Science Students Through Discrepant Events
ago I came across a wonderful book by Tik Liem (Invitations
to Science Inquiry). He wrote several books that contain
many clever science demonstrations and experiments. His book introduced
me to the idea of using “discrepant events” to engage
the thinking powers of my science students.
event is one where the result is the opposite of what was expected;
in other words, the result contradicts the expectation of the student.
By having a “belief” challenged, the student is sort
of “thrown off balance” and this intellectual disequilibrium
motivates the student to try and find out what happened. Although
the use of discrepant events to teach science is more often applied
in elementary classes, I have also found it very useful in my high
school science classes.
The first discrepant
event I tried came from Tik Liem’s book and I used it in my
chemistry classes. I took two baby food jars (the lids are necessary!).
I half filled one jar with water and half filled the other jar with
rubbing alcohol. Then I took a kitchen candle and cut ½”
slices of the candle wax. I put a chunk of candle wax in each jar
and screwed on the lids. (The lids keep the students from being
able to smell the alcohol!) I placed these jars on my demonstration
table in the front of the room and just waited to see what would
happen. Slowly at first, students noticed that the wax was floating
in one jar (water) and had sunk to the bottom of the other jar (alcohol).
They asked me why. I said “why do you think?” And that
led to a week or so of proposed hypotheses that we kept on the board
while the student puzzled out the possibilities. Eventually, I opened
the jars and they were able to use other senses. The ultimate outcome
was a terrific discussion of density, polarity, scientific method,
and other concepts. My students were definitely engaged!
activity is the well-known “drops on a penny.” In our
state biology curriculum, students are expected to understand the
characteristics of water that are relevant to living things. I start
the class by asking students to hypothesize how many drops of water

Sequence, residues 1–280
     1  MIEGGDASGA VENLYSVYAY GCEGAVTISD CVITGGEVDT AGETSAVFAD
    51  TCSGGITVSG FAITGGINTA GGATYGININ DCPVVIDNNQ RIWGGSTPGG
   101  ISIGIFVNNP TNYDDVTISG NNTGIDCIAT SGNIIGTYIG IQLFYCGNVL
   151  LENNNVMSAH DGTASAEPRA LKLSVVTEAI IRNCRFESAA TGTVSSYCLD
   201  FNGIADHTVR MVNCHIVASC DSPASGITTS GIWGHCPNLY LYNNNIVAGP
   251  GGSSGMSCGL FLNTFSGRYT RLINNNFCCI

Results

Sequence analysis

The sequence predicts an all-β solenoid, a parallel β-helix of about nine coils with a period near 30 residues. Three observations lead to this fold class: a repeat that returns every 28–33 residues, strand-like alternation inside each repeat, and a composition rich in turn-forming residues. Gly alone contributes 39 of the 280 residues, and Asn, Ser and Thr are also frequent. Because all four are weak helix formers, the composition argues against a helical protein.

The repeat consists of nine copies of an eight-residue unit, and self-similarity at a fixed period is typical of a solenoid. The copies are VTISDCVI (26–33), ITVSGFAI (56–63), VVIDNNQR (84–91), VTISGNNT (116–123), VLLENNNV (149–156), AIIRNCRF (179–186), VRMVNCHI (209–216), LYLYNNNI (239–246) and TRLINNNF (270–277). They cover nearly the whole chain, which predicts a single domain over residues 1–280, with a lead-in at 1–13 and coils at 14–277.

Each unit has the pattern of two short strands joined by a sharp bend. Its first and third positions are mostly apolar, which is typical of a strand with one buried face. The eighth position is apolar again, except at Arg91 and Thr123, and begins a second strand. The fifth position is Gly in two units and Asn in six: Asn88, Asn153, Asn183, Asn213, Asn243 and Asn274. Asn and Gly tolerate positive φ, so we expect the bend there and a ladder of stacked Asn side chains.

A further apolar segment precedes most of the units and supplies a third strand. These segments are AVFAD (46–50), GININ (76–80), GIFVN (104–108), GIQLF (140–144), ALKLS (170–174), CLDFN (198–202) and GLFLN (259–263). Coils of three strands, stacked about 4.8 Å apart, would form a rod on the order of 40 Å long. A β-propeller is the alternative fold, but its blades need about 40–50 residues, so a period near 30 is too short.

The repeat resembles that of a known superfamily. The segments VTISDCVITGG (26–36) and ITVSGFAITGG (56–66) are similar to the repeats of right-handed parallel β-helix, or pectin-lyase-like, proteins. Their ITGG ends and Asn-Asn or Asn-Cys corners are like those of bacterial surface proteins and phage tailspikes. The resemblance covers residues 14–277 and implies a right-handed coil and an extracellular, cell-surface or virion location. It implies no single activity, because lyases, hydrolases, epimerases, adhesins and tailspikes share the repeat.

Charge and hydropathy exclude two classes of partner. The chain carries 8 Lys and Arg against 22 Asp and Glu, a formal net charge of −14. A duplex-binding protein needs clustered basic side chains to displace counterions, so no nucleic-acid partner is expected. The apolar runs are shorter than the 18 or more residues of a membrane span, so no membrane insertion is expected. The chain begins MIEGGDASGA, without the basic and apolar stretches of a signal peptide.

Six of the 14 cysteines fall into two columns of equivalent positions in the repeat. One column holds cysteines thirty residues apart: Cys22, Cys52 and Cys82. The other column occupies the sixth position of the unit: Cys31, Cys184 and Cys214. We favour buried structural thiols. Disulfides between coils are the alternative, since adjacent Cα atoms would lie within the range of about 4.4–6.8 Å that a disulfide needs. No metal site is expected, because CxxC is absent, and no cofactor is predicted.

they could fit on the surface of a penny. The answers usually vary
from 4-12 or so. Then I give students pennies, a variety of droppers,
a small beaker of water and set them loose to test their hypotheses.
The results totally surprise them (unless they have done this before).
I have had students who are using small tipped droppers get close
to 100 drops on their penny before the water spills over. The water
“drop” ends up looking like a huge muffin on top of
the penny. We end up having a great discussion about the variables
involved and the nature of water. We discuss size of dropper, the
use of heads or tails on the penny, the newness of the penny, the
angle of the dropper, etc. We also discuss the polarity of water
and both its cohesive and adhesive properties based on the hydrogen
bonding from one water molecule to the next. Again, the students
are highly engaged!
I have also
designed activities to address common misconceptions so that students
are faced with evidence that contradicts what they “believe.”
In my biology classes I use a clever piece of software called CATLAB
Using this software, students can create a group of parent cats
and then mate them to try and discover how certain coat color traits
are inherited. I start with a very simple trait. Is “ALL-WHITE”
in cats dominant over “NOT ALL-WHITE” or is it recessive?
First, I ask my students to hypothesize and explain their hypotheses.
Almost every student will say that the trait is recessive because
it is rare or because they know that albinism in humans is usually
recessive. This first reason is a very common misconception. When
the students mate a variety of ALL-WHITE and NOT ALL-WHITE parent
cats, they get data that is totally inconsistent with ALL-WHITE
being recessive. I love watching them drop their hypotheses (with
reluctance!) and create a new model to explain their data. They
are actively learning; their brains are engaged with trying to figure
out why their hypotheses are not supported by the data.
For more discrepancy
event activities visit
discrepant events involves the 5 E’s of the constructivist
Engage: In this phase, students are invited to
connect what they already know or believe with the learning experience
In this phase, students are actually collecting data or making observations.
Students try to explain their data or observations. In this phase
I become very active, because I want my students to clearly understand
the concepts. (I know that in some “constructivist”
models, the teacher takes a more hands-off approach, but I have
learned that many times students really need sequenced questions
and close monitoring to ensure that they learn accurately from the
or Extend: In this phase, students can take what they have
learned and apply it to other situations. For example, in the CATLAB
activity, my students have learned to analyze genetic data and this
knowledge can be applied to many problems involving genetics.
Students and teachers both assess what and how much was learned
from the activity.
Over the years,
I have gathered many more discrepant events to use as demonstrations
or in actual lab activities. I encourage you to begin your collection
of similar events to puzzle, engage, and motivate your students.
your ideas with me via e-mail.